Social media sites such as Twitter, Tubmlr and Facebook can anonymize the identity of a user, while at the same time enabling them to relate a wide variety of information, comment and opinion. The sometimes spurious link between on-line identity and the message portrayed can be used to impersonate real or fictional personalities, occasionally providing a seeming credible account of current news and events.

However, a recent paper published by John D. Burger and colleagues suggests that a persons use of language can betray certain aspects of their (hidden) identity, most notably their gender.

Their study, entitled “Discriminating Gender on Twitter”, looks at how randomly selected twitter updates (tweets), can identify the gender of a user to an accuracy of approximately 70% [3].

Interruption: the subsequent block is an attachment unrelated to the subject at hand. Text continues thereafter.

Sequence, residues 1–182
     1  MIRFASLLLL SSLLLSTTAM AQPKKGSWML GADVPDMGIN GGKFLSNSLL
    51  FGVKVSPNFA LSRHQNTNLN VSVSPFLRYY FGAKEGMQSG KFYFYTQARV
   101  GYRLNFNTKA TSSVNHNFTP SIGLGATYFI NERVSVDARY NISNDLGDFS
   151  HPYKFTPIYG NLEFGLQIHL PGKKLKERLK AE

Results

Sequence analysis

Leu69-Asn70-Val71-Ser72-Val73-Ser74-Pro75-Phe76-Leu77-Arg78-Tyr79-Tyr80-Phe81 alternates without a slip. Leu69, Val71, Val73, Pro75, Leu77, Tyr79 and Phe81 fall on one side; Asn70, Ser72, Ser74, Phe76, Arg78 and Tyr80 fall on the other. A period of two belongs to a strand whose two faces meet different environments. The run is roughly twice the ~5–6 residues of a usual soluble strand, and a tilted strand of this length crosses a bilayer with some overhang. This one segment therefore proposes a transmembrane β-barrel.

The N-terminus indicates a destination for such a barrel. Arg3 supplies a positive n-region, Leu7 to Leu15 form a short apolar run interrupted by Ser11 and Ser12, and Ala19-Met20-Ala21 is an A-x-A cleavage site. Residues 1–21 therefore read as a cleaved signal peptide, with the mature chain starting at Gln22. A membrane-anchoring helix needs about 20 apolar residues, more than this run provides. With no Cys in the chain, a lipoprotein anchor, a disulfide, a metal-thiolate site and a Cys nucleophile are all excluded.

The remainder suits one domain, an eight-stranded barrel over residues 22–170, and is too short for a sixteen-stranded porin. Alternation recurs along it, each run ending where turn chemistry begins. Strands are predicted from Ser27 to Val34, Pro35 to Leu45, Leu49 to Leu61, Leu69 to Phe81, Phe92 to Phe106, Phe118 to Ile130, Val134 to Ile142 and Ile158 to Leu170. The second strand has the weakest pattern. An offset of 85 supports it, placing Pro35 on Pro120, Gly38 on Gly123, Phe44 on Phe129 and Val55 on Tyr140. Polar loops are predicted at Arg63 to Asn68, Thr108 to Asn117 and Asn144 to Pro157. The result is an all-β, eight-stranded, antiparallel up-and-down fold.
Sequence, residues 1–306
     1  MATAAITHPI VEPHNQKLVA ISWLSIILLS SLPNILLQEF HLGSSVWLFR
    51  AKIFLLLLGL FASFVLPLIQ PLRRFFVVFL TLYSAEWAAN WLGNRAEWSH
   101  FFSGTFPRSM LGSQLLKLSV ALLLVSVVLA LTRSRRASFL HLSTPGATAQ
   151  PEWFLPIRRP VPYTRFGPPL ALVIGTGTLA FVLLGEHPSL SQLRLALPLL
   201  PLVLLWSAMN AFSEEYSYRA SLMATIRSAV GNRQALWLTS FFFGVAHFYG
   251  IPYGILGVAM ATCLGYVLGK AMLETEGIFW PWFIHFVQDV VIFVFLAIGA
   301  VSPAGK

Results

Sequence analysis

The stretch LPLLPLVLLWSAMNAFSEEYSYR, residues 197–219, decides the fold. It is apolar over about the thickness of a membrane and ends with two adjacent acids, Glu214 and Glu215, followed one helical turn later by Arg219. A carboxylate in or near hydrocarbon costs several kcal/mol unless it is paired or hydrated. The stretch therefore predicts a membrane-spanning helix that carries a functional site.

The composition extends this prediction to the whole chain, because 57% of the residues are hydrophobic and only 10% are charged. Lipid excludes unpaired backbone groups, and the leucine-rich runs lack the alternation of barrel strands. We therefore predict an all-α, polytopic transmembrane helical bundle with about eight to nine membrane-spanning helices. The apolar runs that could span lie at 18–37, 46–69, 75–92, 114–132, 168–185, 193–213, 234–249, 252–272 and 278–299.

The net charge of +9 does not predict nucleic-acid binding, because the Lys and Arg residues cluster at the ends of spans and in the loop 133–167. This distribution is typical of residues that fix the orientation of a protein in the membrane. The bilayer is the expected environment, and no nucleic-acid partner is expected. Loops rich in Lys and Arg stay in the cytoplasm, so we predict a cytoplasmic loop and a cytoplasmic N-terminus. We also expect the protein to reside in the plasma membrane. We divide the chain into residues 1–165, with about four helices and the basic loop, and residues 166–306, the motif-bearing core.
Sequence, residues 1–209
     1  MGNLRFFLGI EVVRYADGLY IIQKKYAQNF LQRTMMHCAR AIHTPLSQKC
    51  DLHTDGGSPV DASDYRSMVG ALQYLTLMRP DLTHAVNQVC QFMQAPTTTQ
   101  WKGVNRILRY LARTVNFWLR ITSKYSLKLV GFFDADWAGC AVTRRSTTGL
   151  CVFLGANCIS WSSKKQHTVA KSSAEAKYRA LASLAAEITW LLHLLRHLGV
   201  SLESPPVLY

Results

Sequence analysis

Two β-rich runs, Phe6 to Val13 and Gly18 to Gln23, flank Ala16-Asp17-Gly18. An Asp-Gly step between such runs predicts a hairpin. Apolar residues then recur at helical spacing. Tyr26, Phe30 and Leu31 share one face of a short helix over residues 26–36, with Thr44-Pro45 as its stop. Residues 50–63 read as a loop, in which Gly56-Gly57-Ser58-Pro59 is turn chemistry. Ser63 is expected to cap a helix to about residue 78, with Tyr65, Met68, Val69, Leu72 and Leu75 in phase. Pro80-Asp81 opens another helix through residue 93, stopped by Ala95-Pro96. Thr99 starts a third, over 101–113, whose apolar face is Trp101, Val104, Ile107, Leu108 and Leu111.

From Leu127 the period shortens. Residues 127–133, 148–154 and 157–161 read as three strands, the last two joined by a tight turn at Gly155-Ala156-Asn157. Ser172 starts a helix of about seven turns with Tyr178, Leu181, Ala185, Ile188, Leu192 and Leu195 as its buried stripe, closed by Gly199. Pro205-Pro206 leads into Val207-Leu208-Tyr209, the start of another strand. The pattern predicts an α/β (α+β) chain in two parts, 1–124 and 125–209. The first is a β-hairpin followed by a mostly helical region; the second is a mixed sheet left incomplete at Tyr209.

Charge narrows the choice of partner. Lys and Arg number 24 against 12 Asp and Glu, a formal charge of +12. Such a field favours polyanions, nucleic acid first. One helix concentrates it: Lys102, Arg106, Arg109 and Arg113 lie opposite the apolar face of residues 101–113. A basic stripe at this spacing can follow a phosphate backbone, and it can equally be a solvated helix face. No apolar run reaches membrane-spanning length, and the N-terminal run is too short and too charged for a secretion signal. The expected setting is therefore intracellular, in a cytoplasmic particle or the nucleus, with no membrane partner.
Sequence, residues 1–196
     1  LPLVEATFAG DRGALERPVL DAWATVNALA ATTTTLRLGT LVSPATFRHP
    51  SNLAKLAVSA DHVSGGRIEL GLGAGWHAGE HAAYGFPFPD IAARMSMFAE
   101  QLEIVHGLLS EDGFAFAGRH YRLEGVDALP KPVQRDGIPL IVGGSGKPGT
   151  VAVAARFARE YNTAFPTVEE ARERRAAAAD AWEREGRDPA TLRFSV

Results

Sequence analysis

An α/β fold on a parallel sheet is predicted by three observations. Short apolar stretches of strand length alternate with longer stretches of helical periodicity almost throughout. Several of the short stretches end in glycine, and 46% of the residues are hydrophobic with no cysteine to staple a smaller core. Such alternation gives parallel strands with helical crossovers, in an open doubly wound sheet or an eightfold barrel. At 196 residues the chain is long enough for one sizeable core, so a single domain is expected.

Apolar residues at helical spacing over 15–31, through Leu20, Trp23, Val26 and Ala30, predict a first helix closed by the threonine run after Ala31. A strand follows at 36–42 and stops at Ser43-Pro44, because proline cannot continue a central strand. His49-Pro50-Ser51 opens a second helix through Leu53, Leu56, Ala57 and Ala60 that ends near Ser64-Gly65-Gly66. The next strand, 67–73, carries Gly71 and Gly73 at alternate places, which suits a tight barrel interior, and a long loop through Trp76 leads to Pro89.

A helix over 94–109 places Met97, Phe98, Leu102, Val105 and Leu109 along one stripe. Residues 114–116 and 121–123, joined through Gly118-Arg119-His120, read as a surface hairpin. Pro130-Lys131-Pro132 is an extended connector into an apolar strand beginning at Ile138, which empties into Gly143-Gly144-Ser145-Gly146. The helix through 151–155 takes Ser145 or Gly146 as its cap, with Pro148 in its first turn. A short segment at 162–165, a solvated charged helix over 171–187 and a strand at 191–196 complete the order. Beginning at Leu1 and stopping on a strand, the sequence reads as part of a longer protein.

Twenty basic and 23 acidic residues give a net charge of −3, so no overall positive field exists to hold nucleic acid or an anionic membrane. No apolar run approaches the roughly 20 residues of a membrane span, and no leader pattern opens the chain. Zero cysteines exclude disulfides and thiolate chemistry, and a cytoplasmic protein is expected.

Aside from garnering unwarranted credibility, self-anonymization can lead to a breakdown of social norms, as disentangling a persons “good name” from their identity has been shown to cause them to act with a lessened sense of responsibility [4]. Although the use of language can suggest certain demographic features, it may provide a useful insight into user behaviour when combined with more traditional social network analysis methods.

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